The Dow Jones Industrial Average fell for a second day as investors digested the Federal Reserve’s latest policy update, where it moved up its timeline for interest rate hikes and forecast higher inflation.
Materials-related stocks led the losses as the Fed’s move to eventually raise rates, along with a current campaign by China to tamp down metals prices, took the air out of a surge in commodity prices this year.
Losses in the overall market were tame however and the S&P 500 was still less than 1% below an all-time high as the central bank still maintained its asset-buying program, which some investors argued would support equities some more in the short term.
The Dow Jones Industrial Average dropped about 200 points, or 0.6%, weighed down by 4% losses in Dow Inc. and Caterpillar as most commodity prices took a hit. The S&P 500 was flat. The Nasdaq Composite gained 0.7% as investors huddled in some Big Tech stocks with Tesla and Snowflake up about 2%. Shopify and Twilio gained more than 5%.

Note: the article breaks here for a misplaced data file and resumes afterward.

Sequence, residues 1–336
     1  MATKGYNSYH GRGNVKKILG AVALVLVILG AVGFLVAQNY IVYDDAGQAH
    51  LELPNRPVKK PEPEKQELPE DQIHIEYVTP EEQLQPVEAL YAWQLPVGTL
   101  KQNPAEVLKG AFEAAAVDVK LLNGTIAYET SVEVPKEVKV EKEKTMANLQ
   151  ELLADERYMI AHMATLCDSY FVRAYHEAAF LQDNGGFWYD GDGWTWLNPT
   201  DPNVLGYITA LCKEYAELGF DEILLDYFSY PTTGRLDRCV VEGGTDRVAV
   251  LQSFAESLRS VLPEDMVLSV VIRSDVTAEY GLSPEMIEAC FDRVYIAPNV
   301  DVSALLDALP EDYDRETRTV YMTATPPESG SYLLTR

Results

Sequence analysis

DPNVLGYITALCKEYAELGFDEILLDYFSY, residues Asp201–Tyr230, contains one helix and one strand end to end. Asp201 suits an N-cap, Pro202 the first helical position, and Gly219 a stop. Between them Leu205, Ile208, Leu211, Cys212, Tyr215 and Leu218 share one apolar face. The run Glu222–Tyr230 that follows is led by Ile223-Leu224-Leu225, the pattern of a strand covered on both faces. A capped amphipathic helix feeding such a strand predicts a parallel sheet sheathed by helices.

The closely-watched Federal Reserve meeting Wednesday spurred a sell-off in equities after the central bank moved up its timeline for rate hikes, seeing two increases in 2023. The Fed also hiked its inflation forecast to 3.4% for the year, a percentage point higher than the FOMC’s forecast in March.
Materials stocks were weaker Thursday as the U.S. dollar increased following the Fed meeting. China is also cracking down on the big 2021 commodities surge to ease inflation fears. Freeport-McMoRan led materials stocks lower, down about 7%. Copper futures were off by 5%.
U.S. oil prices fell more than 2.7% and dipped below $70 per barrel, while the international benchmark fell nearly 3%. Bank stocks rolled over as the 10-year yield gave up its post-Fed gains and then some. The rollover in commodities dragged on yields.
“Commodities have been a popular investment in the last year as investors have been adding some portfolio protection against inflation. So many investors were probably overexposed going into the Fed meeting and the U.S. dollar’s response is forcing some reconsideration,” Jim Paulsen, chief investment strategist at the Leuthold Group, told CNBC.
Adding to the bearish sentiment on Thursday, the Labor Department reported that initial jobless claims rose last week to 412,000, up from the previous week’s 375,000. Economists polled by Dow Jones expected jobless claims of 360,000.